The 2020 Michelson Prizes for Human Immunology and Vaccine Research are being awarded to Danika Hill, PhD, and Michael Birnbaum, PhD, for separate innovations aimed at defending our bodies from diseases including cancer and HIV/AIDS. Each will receive $150,000 in support of their work from the Michelson Medical Research Foundation and Human Vaccines Project. The announcement comes as the Covid-19 pandemic highlights the critical need for progress in immunology and vaccine discovery.
Hill, a research fellow in immunology and pathology at Monash University, won for “Exploiting T Follicular Helper Cells as an Innovative Tool to Discover Targets for Long-Lived Humoral Immunity.” Using strep A bacteria, she seeks to identify which antigens trigger the immunity protections of our bodily fluids. This could open avenues toward better vaccines for numerous infectious diseases and more effective immunotherapies for cancer.
“The Michelson Prize comes at a critical point in my career,” Hill says. “With the prize, I’ll be able to apply some cutting-edge techniques to study hundreds of thousands of cells in molecular detail.”
Birnbaum, an assistant professor of biological engineering at MIT, won for “Repertoire-Scale Determination of T Cell Recognition and Cross-Reactivity to HIV via pMHC Lentiviral Display.” Studying “elite controllers” — people with HIV who can go for long periods without antiretroviral therapy — Birnbaum searches for optimal vaccine targets to stop the virus. His method can also be applied to diseases from infections to cancer.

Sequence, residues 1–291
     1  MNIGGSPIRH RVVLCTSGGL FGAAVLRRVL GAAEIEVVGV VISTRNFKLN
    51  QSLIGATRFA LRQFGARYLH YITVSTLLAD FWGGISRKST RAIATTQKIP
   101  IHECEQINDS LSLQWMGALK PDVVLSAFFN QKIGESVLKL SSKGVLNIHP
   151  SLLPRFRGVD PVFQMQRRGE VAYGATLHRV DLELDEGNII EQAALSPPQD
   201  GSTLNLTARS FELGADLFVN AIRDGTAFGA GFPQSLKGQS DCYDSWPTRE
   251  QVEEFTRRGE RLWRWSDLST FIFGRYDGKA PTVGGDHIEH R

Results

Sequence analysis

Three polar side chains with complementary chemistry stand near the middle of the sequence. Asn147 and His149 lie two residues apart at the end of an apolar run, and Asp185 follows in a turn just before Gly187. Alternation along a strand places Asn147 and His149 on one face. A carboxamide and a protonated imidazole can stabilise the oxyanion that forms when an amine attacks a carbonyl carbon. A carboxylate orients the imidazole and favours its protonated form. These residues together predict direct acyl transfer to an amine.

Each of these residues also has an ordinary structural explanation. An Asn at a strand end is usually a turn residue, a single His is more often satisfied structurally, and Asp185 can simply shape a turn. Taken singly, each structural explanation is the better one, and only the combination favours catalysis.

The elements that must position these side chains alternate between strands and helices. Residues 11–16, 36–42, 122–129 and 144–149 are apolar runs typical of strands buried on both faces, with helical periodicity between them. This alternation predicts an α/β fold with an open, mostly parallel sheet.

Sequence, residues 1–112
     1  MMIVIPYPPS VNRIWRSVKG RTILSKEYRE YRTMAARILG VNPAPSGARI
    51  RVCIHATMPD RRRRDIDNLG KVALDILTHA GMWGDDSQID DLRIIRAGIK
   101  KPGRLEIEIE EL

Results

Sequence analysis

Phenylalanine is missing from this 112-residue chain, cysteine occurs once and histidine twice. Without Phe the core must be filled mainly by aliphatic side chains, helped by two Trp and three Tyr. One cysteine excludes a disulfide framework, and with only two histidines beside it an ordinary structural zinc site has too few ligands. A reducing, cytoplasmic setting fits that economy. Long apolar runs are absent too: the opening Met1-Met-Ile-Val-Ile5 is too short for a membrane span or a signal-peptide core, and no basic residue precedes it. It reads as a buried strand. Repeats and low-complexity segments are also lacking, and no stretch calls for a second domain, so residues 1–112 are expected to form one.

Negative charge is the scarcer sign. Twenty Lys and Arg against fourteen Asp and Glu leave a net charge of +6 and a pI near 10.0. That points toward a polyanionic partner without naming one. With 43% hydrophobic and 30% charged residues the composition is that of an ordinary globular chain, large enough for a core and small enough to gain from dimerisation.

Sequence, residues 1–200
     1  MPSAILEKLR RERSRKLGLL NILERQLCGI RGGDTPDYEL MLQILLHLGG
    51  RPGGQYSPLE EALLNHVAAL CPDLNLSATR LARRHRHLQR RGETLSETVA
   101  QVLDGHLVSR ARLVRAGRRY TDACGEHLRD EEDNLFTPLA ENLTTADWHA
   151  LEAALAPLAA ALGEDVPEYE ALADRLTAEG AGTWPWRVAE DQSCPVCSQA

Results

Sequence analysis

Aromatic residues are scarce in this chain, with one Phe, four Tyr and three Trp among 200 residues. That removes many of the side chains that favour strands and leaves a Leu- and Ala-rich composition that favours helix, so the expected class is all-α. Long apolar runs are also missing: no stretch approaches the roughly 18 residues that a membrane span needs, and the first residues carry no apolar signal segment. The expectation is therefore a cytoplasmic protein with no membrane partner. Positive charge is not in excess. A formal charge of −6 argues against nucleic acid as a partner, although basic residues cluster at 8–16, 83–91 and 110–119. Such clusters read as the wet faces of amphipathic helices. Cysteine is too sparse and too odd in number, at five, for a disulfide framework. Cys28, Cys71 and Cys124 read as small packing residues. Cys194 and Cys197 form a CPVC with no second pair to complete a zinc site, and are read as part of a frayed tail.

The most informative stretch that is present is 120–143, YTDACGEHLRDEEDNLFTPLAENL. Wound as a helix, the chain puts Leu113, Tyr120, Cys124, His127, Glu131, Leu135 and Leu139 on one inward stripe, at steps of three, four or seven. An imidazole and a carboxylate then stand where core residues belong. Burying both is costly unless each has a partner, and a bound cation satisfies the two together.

“The support provided by this award will let us work faster than would be possible otherwise,” says Birnbaum, who heads a laboratory at MIT’s Koch Institute for Integrative Cancer Research. “We will be trying many of our best ideas at once to press this technology into service, in a time where better tools to study infectious disease are clearly needed.”
“My wife, Alya, and I are proud to help Dr. Hill and Dr. Birnbaum pursue their revolutionary ideas,” says Dr. Gary Michelson, founder and chair of the Michelson Medical Research Foundation.
By recognizing investigators under 35, the awards address a major obstacle to medical progress. “Our current system makes it nearly impossible for a young researcher to get funding,” Dr. Michelson adds. “Even the head of the National Institutes of Health identified the advancing age at which investigators receive their first NIH grant as ‘the greatest problem facing U.S. science.’”
Wayne Koff, PhD, CEO of the Human Vaccines Project, lauds the “courage, passion and creativity” shown by Hill and Birnbaum. “Only by thinking beyond conventions will we be able to transform the future of human health,” he says. “I look forward to seeing how the research of our 2020 Michelson Prize winners will contribute to the Human Vaccine Project’s grand vision of decoding the human immune system.”
Hill and Birnbaum were selected from a worldwide pool of more than 200 applicants. They will accept the Michelson Prizes and present key findings from their research during an open webinar on August 13, 2020. Visit Michelson Prizes for more information.